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LOUISE FAIRSAVE: Ask for your pay slip


BEA DOTTIN, [email protected]

LOUISE FAIRSAVE: Ask for your pay slip

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As an employee, whenever you receive your pay, it is required by law that you are provided with a pay slip that reconciles your net pay with your gross salary and benefits. The onus remains on the employee, no matter what the employer’s preference is, to ask for a pay slip.  
As long as a pay slip is requested, it must be forthcoming every time.  
A key rule of managing your budget and particularly your earnings requires that you, as an employee, are absolutely clear why and how each payroll deduction is made. In addition, you must be patently aware of the benefits that result from each deduction.
Certain deductions are compulsory. For example, it is required by law that every employee contribute to the National Insurance Scheme (NIS), and that employers withhold income taxes payable at the point of payment. Are you aware of the rules that govern the quantum that is deducted from your gross pay?
Do you know the quantum and range of benefits to which you are entitled as a result of the amount paid into the NIS? Are you aware of the timing and amount of the last change in rate? When last did you make a claim on the scheme?
Are you aware of how this scheme interacts with the company’s pension scheme? What are the periods that you are not required to contribute to the scheme?
The National Insurance Department provides a handbook which clearly sets out the objectives and rules of the scheme, how it operates and the benefits available.
Many employees have significant unused influence on how income tax is applied. Minimising PAYE deductions during the payroll process reduces the amount of taxes claimed as a refund during the annual tax return filing.
It is possible for an employer to operate a group health insurance scheme for the benefit of employees and their near relatives or dependents. The employers’ plan may require the employee to contribute to the cost of the coverage (such a plan is called a contributory plan) or the employer may agree to meet the full cost. This would be a non-contributory plan.
For a contributory plan, the employer usually arranges for the employee’s share of the cost to be deducted through payroll. The benefits of the plan will need to be carefully evaluated.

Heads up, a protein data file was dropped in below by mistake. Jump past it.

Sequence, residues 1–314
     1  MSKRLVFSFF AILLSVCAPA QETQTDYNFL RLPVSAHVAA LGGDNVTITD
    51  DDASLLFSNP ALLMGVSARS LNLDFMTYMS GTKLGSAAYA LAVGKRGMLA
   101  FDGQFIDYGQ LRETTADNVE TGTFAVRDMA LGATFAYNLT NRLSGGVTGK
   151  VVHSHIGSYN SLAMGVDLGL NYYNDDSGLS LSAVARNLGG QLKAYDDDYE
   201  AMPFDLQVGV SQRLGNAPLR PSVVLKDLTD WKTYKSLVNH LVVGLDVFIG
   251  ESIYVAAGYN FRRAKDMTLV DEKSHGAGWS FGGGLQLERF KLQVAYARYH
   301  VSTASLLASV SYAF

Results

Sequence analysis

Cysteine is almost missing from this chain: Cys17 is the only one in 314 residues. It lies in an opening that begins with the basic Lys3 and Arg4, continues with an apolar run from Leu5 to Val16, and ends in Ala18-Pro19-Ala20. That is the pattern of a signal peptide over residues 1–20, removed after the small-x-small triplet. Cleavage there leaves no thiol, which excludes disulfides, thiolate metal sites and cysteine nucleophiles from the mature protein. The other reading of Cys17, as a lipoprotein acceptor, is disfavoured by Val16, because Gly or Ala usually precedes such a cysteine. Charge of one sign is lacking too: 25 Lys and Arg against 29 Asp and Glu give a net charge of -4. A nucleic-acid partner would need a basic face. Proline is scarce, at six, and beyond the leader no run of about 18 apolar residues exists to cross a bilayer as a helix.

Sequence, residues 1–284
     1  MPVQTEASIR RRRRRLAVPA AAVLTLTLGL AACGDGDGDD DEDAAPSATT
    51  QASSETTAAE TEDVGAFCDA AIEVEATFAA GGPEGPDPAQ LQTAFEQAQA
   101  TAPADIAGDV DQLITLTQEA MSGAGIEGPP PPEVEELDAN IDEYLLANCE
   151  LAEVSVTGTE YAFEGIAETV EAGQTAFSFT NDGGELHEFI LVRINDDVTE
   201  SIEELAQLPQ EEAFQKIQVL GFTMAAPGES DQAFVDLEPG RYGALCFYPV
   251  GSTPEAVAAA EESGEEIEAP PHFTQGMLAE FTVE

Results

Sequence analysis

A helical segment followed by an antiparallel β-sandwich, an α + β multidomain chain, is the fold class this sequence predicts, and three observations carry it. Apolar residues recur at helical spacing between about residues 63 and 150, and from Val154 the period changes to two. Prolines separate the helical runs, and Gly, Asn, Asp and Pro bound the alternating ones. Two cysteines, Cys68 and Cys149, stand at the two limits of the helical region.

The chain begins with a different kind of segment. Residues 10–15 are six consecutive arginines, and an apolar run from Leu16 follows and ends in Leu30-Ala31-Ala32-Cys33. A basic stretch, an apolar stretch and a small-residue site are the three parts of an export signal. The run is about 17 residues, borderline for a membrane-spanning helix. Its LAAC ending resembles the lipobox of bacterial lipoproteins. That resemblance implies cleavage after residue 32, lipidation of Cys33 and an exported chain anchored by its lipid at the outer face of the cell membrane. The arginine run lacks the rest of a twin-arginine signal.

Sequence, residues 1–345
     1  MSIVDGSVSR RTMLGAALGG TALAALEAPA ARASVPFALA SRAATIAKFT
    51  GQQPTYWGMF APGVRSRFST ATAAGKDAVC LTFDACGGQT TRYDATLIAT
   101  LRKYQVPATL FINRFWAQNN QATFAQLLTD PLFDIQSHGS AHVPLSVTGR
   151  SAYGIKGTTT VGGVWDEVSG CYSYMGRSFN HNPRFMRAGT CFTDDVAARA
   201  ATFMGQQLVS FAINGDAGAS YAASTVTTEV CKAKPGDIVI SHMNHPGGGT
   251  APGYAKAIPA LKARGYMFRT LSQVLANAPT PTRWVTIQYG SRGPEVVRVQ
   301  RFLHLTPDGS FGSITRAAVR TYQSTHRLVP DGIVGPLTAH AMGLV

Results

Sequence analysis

It is important to point out that health insurance is not to be readily dismissed just because the annual deductible on doctor visits is high. Numerous doctor visits for routine ailments have hardly ever run anyone into bankruptcy. However, major illnesses and surgical requirements can bankrupt even an employee of significant means.   
Very similar to group health scheme (and sometimes an integral part of the group health scheme) is group life insurance coverage.
An employer may be able to provide cheaper access to life insurance than the individual employee can. Furthermore, employers tend to operate these schemes as non-contributory. Employees are typically insured for once or twice their annual basic salary.
Employers may also operate group pension schemes for employees. Most employers in the private sector operate these as contributory schemes.
Two fundamental clarifications employees should seek are whether the pension plan is integrated with the NIS, and whether it is a defined benefit plan or a defined contribution plan.  
Employees can also initiate deductions from their pay packet by signing an agreement to have such deductions made. It is within the employee’s authority to request a myriad of different deductions, but there are certain limitations on the amount that can be deducted and sometimes on the number of deductions allowed.
 Louise Fairsave is a personal financial management counsellor, providing practical advice on money and estate matters. Her advice is general in nature; readers should seek other counselling about their specific circumstances.

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